As referenced in the staff commentary, some fees do need to be disclosed and others do not. These lists are not exhaustive and instant issuance fees are not referenced, so a credit union would need to make a determination as to which category above seems to apply its instant issuance fee. That may depend on the circumstances when such a fee is charged. For example, if a credit union charges the fee for all cards which are issued instantly when an account is opened in person, that fee may be more akin to a "fee to open… an account" and more closely related to routine use. However, if a credit union provides the initial card for no charge, and an instant issuance fee is only charged when a replacement card is required due to a member misplacing the card or the card being worn out, an argument could be made that the fee is more akin to an "incidental fee,"  as it is not connected to routine use of the account. Ultimately, each credit union would need to examine when the fees are charged and make its own risk based determination as to whether the fees are more routine or incidental in nature.

Some of you may also be saying "It's a debit card – what about Regulation E?" Under section 1005.7(b)(4), fees must be disclosed if they are imposed "for electronic funds transfers or the right to make transfers." There is no reference to access devices or instance issuance in section 1005.7(b) or its commentary. Again, credit unions would need to make their own determination as to whether the fee and the circumstances in which it is charged amounts to a fee the right to make transfers and required to be disclosed, or if it is more akin to an incidental fee for expedited service and disclosure is not required.


For both Truth in Savings and Regulation E, whether a change in terms notice is required because a fee is changed or a credit union adds the ability to offer instant issuance depends on whether the fee is the type to be disclosed in the first place. So a credit union may need to do the above analysis, even if an account in question has existed for some time. Under section 707.5(a) of Truth in Savings, a credit union would provide notice of any change in a term required to be initially disclosed under section 707.4(b). If a change in terms notice is required, it would be provided at least 30 calendar days before the change is effective.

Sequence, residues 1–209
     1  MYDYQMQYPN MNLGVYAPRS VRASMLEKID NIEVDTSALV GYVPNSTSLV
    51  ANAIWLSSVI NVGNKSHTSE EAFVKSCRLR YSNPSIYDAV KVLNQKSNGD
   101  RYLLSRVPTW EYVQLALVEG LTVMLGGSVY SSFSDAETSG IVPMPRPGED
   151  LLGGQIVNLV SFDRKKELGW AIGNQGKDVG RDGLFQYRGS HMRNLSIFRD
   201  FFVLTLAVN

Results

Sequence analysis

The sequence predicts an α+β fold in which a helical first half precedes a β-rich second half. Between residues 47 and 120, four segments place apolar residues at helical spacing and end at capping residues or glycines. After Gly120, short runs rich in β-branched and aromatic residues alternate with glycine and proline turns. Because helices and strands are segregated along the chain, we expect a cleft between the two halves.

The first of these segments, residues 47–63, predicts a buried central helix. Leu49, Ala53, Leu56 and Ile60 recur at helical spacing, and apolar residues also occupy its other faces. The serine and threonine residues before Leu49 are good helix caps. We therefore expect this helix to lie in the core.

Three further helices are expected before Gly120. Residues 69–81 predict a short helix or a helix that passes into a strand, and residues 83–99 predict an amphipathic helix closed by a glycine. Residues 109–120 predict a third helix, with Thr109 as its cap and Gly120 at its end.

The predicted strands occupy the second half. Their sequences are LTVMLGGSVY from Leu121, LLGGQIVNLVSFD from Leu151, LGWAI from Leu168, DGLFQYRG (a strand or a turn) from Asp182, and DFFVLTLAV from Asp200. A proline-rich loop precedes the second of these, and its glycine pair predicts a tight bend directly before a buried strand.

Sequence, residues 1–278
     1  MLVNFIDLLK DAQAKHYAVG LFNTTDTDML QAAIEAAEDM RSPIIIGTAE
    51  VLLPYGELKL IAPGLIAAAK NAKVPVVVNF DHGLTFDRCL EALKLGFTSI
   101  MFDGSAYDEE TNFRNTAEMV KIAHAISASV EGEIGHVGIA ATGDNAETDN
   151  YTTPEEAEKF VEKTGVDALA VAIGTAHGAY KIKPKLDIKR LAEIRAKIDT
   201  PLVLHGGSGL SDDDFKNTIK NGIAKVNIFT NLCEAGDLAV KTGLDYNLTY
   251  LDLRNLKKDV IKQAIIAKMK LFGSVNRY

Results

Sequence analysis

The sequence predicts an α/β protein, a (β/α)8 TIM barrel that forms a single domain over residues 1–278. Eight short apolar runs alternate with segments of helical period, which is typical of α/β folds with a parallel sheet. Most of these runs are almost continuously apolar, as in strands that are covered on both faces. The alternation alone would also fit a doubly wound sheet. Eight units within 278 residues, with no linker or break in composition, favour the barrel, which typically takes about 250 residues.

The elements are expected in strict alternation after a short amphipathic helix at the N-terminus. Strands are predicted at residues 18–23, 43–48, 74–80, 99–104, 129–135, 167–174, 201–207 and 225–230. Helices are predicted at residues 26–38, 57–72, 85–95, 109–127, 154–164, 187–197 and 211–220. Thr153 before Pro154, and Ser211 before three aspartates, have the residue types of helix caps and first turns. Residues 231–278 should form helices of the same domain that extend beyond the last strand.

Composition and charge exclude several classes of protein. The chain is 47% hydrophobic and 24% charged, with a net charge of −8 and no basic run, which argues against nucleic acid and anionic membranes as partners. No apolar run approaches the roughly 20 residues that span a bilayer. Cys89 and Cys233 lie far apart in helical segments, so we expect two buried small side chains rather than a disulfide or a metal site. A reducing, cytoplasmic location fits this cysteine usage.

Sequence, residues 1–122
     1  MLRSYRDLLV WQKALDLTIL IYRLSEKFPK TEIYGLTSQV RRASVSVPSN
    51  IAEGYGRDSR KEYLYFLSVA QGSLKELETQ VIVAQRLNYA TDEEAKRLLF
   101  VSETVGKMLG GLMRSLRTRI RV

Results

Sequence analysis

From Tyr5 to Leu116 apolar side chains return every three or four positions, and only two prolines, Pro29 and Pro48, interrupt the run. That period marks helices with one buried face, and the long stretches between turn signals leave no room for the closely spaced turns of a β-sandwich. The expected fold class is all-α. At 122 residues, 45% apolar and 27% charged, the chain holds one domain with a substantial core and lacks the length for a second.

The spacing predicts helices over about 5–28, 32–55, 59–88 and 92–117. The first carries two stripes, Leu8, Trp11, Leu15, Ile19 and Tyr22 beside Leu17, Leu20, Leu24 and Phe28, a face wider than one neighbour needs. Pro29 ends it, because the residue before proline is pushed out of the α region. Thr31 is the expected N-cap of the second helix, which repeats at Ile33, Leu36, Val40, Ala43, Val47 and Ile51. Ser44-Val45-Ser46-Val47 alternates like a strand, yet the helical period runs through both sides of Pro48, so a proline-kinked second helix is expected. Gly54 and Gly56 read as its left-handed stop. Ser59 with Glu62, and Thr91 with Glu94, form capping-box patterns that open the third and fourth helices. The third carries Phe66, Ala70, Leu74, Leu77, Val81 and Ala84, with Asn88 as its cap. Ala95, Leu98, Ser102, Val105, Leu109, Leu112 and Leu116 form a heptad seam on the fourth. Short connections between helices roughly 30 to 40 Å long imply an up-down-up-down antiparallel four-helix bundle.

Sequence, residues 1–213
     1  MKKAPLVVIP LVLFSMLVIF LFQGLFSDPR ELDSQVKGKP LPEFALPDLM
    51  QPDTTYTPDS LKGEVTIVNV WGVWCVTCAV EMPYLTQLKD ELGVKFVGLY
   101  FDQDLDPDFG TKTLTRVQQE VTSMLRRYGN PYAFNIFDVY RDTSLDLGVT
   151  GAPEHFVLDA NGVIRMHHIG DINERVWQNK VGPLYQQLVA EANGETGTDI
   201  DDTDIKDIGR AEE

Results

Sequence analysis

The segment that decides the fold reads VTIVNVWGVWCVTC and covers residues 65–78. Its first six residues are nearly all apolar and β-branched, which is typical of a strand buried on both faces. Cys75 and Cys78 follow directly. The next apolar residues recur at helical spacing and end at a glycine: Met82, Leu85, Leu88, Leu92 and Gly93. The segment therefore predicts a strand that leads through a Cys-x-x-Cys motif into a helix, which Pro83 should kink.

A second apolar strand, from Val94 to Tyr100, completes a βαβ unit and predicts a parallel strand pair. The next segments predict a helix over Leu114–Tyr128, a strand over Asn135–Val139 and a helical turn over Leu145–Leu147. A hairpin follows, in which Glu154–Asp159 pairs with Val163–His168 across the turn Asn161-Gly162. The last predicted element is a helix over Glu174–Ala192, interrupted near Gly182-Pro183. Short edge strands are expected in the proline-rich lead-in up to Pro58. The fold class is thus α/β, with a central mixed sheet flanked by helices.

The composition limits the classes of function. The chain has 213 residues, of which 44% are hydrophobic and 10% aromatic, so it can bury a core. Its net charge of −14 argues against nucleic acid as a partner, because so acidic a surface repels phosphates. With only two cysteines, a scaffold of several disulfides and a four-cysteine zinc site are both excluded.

Under section 1005.8 of Regulation E, notice of a change is required when that change affects a term required to be disclosed initially under section 1005.7(b)and the change could result in, among other things, "increased fees for the consumer. See12 C.F.R. § 1005.8(a)(1)(i). If notice is required under TIS and Regulation E, a notice can be sent under Regulation E's 21 day timeline, rather than Truth in Savings' 30 day timeline, and this will satisfy Truth in Savings requirements. See12 C.F.R. § 707.3(c).

As is so often the case, there is not a straight answer on this. Whether an instant issuance fee for a debit card must be disclosed would differ from credit union to credit union, depending on what triggers the fee and a credit union's own analysis under Regulation E and Truth in Savings. But hopefully this helps credit unions facing these questions to identify some of the pivot points as they make their own determinations.

About the Author

Elizabeth M. Young LaBerge, NCCO, NCRM, CIPP/US, Senior Regulatory Counsel, NAFCU

Elizabeth M. Young LaBerge, NCCO, NCRM, CIPP/US, Senior Regulatory Compliance CounselElizabeth M. Young LaBerge, NCCO, NCRM, CIPP/US,  joined NAFCU as regulatory compliance counsel in July 2015 and was named Senior Regulatory Compliance Counsel in July 2016.